£2bn cost to British businesses of European red tape

So now we have the evidence, what are our leaders going to actually do about it? Especially the bit about our own civil servants ‘gold plating’, that can be fixed immediately.

By Robert Watts – Sunday Telegraph – 21st July 2013

COMPLYING with European Union regulations is costing Britain billions of pounds a year, the first official audit of the cost of membership is to disclose.
The burden on British businesses will be laid bare in a series of reports which will be published tomorrow by William Hague, the Foreign Secretary.
The audit is made up of six reports – called “Balance of Competences” – which civil servants have spent months preparing.
Senior Conservatives hope the reports will form the bedrock of a renegotiation with Brussels, if David Cameron wins the 2015 general election.
Evidence published alongside the reports will show:
• More than 400 new laws have been passed by the European Parliament since the Coalition was formed three years ago, with legislation costing British business £676 million a year;
• Complying with the EU Agency Workers’ Directive costs British firms as much as £1.5 billion a year;
• Less than half of foreign aid money paid by EU institutions goes to help the world’s poorest people.
The initial documents will look at how the EU affects British taxation, health, overseas aid, foreign policy, animal welfare and food safety.
One of the reports will also provide an overview of how the single market affects British businesses.
A further 26 reports will be published in coming months, in a boost to the Euro-sceptic wing of the Conservatives.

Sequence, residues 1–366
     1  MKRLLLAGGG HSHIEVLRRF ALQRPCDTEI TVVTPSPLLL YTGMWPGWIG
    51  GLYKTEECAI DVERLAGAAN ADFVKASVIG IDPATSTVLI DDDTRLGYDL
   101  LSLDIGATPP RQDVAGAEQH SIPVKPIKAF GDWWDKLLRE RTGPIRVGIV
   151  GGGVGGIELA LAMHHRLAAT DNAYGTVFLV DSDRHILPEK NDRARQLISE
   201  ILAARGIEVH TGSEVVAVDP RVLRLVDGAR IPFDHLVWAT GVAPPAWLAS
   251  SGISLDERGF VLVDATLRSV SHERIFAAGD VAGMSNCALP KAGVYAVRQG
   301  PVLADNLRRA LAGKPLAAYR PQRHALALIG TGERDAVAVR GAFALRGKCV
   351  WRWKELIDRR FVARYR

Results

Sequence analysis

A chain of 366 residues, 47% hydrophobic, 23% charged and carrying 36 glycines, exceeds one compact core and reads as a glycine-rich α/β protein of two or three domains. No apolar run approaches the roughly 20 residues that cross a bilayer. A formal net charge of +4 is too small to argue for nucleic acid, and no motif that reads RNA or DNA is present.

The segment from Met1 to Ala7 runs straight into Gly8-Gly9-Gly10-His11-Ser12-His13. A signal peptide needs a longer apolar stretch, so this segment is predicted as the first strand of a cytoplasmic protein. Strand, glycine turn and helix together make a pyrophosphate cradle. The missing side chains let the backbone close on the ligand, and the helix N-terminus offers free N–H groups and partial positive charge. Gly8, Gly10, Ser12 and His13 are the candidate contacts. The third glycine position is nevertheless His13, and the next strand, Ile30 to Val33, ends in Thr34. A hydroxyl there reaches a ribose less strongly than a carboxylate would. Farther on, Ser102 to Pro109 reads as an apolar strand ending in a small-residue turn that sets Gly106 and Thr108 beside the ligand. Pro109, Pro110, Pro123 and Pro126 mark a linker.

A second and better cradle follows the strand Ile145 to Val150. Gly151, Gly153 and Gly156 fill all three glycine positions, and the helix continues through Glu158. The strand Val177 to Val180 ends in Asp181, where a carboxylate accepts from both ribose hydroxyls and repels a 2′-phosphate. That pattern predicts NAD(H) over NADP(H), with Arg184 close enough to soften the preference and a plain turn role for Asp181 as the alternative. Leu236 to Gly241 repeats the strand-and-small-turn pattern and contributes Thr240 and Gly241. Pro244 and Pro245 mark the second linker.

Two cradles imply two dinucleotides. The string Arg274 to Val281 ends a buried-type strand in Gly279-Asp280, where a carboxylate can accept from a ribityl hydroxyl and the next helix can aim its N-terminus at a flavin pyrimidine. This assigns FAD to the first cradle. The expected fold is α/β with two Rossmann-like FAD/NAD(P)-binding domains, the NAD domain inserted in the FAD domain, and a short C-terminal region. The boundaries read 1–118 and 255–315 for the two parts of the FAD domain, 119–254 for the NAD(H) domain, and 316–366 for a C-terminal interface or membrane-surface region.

However, Tory Government sources indicated that Lib Dem elements of the Government had “sexed down” some of the more critical evidence of EU waste and bureaucracy.
“These are sober documents that provide evidence and analysis about Britain’s relationship with Europe – they do not set out future Government policy,” said a senior Foreign Office source.

It is understood one of the key themes of the reports will be that civil servants in Whitehall often “goldplate” EU regulations unnecessarily to make such laws more onerous than necessary.

Open Europe, the Euro-sceptic think tank, described the reports as a “useful exercise that will inform the EU debate for years to come”. Stephen Booth, a researcher for Open Europe, added: “Unless this review is complemented by a more political strategy to set out the parameters of a future EU renegotiation to secure more flexible UK membership terms, it will not be sufficient.”
The Prime Minister ordered the series of reports on EU influence in July 2012. The documents focus on how each Whitehall department is influenced by the EU, as part of the Prime Minister’s plan to negotiate a new deal without forcing Britain to leave the EU entirely.
The Government also sent out a wider survey to all 26 member countries asking for their opinions on the balance of power between the EU and national parliaments. However, Mr Cameron’s aims received a setback when France and Germany declined to take part in the exercise.
A senior Lib Dem source confirmed that Nick Clegg, the Deputy Prime Minister, and other fellow party members had been through the Balance of Competences studies. “We have fed into and amended these documents just as we would any government reports,” the source said.
“These documents are not about providing Tory Euro-sceptic headbangers with ammunition to help Britain leave the EU. This is serious, meaty work to assess the pros and cons of what the European Union does for Britain.”